Newman says she hopes to be able to do her dialysis at night, freeing up more time during the day to spend with her daughter. (Shane Hennessey/CBC )

Making progress

Cheryl Banks, director of the provincial renal program, said she had been working with Baxter Canada prior to the COVID-19 outbreak, and then again more intensely over the last couple of months, to get the new technology to P.E.I. 

"I think the difference here on P.E.I. is our legislation is really geared to protect our patients, and to protect the privacy of their information," said Banks.

"We've been working with our legal counsel so that we make sure that we're clear on who's looking after what piece of that information, to protect our patients."

Baxter Canada says the digital health platform is available in more than 70 countries, and it has managed more than 32 million treatments to date. (Baxter Canada )

Banks noted a patient's information, including details about their treatment, is uploaded from the machine to a cloud.

"That's where our concern lies, in making sure that cloud is protected and safe, and only those individuals who should have access to that information are able to access information." 

Banks said there are more than 20 patients who are receiving peritoneal dialysis, at home, using an older model of the Baxter machine. 

Newman says she is hoping to be able to do her dialysis overnight, rather than four times during the day as she is doing now. (Baxter Canada )

Banks said the newer system has features that makes it more user-friendly, including the ability for her staff to remotely check on patients, without them having to come in to the clinic.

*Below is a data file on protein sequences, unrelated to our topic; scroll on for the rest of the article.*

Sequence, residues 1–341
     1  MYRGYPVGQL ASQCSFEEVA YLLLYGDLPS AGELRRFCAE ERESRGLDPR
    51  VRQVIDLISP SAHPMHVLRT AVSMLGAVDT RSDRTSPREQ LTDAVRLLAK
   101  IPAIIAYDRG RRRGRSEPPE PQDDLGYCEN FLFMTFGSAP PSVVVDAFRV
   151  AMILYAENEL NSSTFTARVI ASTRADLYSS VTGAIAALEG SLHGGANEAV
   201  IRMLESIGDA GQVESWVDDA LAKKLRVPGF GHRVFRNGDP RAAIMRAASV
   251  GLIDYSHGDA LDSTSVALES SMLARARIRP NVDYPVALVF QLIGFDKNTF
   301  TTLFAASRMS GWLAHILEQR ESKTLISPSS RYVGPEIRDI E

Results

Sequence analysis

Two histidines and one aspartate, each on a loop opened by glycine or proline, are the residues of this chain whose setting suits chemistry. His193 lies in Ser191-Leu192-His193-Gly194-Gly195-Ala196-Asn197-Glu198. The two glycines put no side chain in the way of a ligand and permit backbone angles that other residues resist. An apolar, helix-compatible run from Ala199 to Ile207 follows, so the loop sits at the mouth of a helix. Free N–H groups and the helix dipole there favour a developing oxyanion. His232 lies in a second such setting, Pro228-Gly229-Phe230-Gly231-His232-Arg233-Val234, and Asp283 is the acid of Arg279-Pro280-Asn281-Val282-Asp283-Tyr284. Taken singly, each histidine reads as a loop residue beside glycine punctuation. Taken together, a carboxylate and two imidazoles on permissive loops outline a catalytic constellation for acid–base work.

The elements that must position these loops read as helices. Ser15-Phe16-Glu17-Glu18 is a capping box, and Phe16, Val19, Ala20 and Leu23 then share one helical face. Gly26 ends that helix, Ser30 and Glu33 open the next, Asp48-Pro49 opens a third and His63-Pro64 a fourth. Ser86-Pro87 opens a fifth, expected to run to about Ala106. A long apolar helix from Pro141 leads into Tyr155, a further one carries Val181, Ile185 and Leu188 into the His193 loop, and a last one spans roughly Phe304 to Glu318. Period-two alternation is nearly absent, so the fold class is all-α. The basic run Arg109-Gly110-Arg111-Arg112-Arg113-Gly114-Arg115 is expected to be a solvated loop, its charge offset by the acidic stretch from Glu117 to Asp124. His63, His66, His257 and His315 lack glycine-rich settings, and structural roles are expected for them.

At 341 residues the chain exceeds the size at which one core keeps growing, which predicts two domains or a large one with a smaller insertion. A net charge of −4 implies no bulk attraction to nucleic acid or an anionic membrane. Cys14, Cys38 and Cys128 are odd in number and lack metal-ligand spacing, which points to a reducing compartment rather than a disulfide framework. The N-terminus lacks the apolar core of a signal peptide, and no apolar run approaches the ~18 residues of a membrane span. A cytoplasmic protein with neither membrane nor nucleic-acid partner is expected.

That's where our concern lies, in making sure that cloud is protected and safe—Cheryl Banks, provincial renal program director

Banks said legal counsel on P.E.I. and Baxter are working their way through the privacy concerns, including a privacy impact assessment, and hope to have the new machine available to Island patients early in 2022.

"I'd love to bring it to her for a Christmas present. But we're getting close, and we are continuing to work very hard to make this happen, because we do see that this would be a benefit for our patients," Banks said.

In a statement to CBC News, a spokesperson for Baxter Canada says the company is working collaboratively with Health PEI and hopes to make Sharesource available to patients on P.E.I. as soon as they are able to do so. 

Sarah Newman and her family are now waiting for her second kidney transplant. (Submitted by Sarah Newman )

Newman said it has been a long wait. 

"I feel that two years is not an acceptable timeframe to wait for something that could significantly change my well-being and my daily schedule," Newman said. 

"The fact that I would be able to go back to work full-time, and have a lot more freedom with my health than I do right now.... Ideally, I would have had this long ago. I think this is something that could benefit a lot of people."

ABOUT THE AUTHOR

Nancy Russell has been a reporter with CBC since 1987, in Whitehorse, Winnipeg, Toronto and Charlottetown. When not on the job, she spends her time on the water or in the gym rowing, or walking her dog. Nancy.Russell@cbc.ca